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InsideNOW

Good things come to those who wait: European Parliament approves new rules to facilitate crowdfunding across the EU

After several years of dedicated policy work, on October 5, 2020 the European Parliament adopted the latest text for the European Crowdfunding Service Provider for Business Regulation, which will enter into force in November 2021.

Authors

Authors

Pascal Martino - [Sponsoring] Partner - Banking and Human Capital Leader - Deloitte

Francesca Messini - Director - Fintech & Sustainable Finance Leader - Deloitte

Valentina Fratino - Consultant - Strategy, Analytics and M&A - Deloitte

Published on 14 January 2021

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Entrepreneurs and entrepreneurship can change the way we live and work. Their revolutions improve our standards of living, providing employment and income to a wide range of citizens, contributing to increased innovation, productivity, and competitiveness1. However, early stages of entrepreneurial ventures have always presented several challenges for business founders in attracting the financial resources needed to survive and thrive. To name a few, limited credit histories, cash flows, under-collateralization as well as higher default risks are some of the factors that make it difficult for entrepreneurs to access credit. While before the 2007-2009 financial crisis, US traditional lenders would provide credit to business founders that exhausted their own savings, or where an equity investment would be too expensive, the number of smaller loans originated by banks fell drastically during the credit crisis2. In this vacuum left behind by the retreat of traditional lenders, crowdfunding platforms, on which individuals club together to fund projects of all kinds, became more and more prominent.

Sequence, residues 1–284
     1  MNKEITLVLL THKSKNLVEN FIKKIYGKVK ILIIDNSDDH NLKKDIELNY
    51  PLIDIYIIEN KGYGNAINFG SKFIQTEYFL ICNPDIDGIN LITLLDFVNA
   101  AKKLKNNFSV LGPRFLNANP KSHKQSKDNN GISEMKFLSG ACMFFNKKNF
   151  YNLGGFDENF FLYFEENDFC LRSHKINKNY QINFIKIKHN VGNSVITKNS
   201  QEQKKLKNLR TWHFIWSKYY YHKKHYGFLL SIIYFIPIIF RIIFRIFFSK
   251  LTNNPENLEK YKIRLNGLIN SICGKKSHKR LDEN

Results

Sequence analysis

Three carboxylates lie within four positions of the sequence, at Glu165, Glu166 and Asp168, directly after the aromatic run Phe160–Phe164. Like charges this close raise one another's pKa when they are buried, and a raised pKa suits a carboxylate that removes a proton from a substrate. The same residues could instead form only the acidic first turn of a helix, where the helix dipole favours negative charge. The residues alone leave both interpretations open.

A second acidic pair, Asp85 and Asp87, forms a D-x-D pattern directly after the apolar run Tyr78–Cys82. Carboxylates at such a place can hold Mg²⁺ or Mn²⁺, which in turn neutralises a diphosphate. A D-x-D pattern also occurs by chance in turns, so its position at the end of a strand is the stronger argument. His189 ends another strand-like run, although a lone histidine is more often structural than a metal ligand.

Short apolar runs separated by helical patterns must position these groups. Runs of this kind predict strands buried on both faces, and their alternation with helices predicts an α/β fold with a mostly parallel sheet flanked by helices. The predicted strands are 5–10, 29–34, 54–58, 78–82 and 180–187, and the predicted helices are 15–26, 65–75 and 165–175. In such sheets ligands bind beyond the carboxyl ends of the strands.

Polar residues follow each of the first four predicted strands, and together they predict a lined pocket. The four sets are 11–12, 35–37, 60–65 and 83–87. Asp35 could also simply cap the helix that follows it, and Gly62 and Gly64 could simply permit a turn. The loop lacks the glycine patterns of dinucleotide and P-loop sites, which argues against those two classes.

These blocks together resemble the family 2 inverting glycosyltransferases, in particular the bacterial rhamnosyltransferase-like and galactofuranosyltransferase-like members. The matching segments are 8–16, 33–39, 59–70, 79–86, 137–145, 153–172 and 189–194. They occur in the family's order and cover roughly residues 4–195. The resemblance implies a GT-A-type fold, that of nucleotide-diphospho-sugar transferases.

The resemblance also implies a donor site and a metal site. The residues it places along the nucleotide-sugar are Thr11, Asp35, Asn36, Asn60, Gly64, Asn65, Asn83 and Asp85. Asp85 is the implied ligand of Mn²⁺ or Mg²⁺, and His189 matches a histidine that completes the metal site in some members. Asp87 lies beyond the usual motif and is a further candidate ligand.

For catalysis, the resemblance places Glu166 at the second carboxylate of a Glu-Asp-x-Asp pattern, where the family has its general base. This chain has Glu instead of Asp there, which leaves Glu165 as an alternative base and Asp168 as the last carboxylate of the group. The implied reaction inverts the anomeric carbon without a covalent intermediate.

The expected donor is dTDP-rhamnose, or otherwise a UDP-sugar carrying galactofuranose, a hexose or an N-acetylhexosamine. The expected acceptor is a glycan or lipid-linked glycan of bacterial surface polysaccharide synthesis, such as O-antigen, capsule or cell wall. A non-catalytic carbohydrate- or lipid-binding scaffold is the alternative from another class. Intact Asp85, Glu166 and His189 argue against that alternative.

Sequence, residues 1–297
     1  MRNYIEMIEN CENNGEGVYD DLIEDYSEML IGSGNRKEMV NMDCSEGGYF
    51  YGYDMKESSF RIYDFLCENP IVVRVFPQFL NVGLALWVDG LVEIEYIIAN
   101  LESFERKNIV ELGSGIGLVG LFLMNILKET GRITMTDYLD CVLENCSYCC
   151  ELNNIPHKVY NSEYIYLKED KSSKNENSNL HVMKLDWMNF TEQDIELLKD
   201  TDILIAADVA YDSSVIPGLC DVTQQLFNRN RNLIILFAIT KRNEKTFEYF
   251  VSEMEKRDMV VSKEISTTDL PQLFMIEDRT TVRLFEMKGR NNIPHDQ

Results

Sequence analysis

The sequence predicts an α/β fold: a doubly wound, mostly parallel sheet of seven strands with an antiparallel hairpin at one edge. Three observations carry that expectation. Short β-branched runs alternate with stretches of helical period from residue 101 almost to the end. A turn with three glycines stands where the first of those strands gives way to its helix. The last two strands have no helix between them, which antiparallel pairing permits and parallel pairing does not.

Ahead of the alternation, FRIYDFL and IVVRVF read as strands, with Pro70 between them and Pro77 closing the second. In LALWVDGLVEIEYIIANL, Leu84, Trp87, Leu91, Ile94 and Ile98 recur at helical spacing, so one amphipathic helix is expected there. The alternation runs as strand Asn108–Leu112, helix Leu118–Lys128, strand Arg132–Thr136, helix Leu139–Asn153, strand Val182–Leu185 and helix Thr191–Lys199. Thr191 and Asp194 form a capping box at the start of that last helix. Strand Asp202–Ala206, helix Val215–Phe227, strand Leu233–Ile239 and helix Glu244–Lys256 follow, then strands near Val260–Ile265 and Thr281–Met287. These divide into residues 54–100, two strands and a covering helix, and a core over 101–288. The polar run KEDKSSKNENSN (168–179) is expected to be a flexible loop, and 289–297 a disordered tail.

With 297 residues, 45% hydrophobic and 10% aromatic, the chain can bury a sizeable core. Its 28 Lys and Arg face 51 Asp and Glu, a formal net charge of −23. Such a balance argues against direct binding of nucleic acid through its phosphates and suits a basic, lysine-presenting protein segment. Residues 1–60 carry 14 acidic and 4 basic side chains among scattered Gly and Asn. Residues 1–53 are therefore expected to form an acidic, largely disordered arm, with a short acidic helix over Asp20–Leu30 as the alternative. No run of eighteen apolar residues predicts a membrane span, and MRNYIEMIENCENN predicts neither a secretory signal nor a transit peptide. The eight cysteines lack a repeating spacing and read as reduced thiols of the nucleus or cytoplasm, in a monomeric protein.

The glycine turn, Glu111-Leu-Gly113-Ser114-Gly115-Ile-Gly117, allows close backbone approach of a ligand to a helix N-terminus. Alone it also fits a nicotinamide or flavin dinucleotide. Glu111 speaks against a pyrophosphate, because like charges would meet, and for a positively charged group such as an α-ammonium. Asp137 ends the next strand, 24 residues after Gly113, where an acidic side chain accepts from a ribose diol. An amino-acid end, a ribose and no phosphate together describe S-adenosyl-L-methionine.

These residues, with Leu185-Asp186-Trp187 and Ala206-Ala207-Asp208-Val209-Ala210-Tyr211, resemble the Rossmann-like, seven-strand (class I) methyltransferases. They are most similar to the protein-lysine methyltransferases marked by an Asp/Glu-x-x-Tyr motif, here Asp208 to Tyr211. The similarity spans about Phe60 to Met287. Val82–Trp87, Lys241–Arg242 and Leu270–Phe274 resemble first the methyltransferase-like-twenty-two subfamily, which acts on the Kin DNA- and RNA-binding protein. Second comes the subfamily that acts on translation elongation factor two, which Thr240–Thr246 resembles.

Crowdfunding is a rapidly evolving form of financing that bypasses traditional venture capital, investment banking, business angels or public financing regimes3. It allows entrepreneurs to raise money quickly and directly from their target customers, for ideas that bankers might consider too risky for their strategy and risk appetite on online platforms. The crowdfunding platform usually charges a fee, paid by the beneficiary if the funding campaign is successful. Otherwise, investors get their money back – no hard feelings and no strings attached.

In 2019, the global crowdfunding market was valued at US$13.9 billion and was forecasted to triple by 20264. However, great differences can be observed when geographically breaking down crowdfunding global volumes and activities, such as crowdfunding type. In 2017, whilst crowdfunding transactions were recorded in 161 countries, three main regions dominated the scene accounting for 97% of all global crowdfunding volumes, i.e. China, the US and Europe. However, while the transaction value in the crowdfunding segment is projected to reach US$503.8 million in the US, in Europe it is projected to account for US$329.9 million in 20215.

This shows that although Europe managed to retain its position as the third largest market in the past years, it was still considered underdeveloped when compared with other countries. The higher degree of market fragmentation was the main obstacle for

the growth of crowdfunding platforms and the industry in general, caused by differences in regulations across EU member states. This legislative void has so far resulted in worrisome legal uncertainty, discouraging investments in projects. As a result, EU-based crowdfunding service providers (SPs) were discouraged from offering cross-border services, and crowdfunding platforms tend to operate within their domestic borders. Therefore, so far Europe has failed to produce equivalent players to US globally renowned platforms, i.e. Kickstarter, Indiegogo or GoFundMe6. For many years, we believe that this lack of common rule and diverging licensing requirements across the EU has prevented Europe from competing globally on equal footing, resulting in higher costs related to transparency, compliance, and operations, preventing crowdfunding platforms from proliferating across Europe.

In 2019, against this backdrop, the EU has created a unique crowdfunding regulation for equity and lending based crowdfunding, the European Crowdfunding Service Provider (ECSP) Regime. The main goal of the ECSP has been to improve access to credit for SMEs across Europe, paving the way towards fewer limitations on cross-border investment activity within continental Europe. The ECSP constitutes the very first attempt of regulation harmonization within the EU.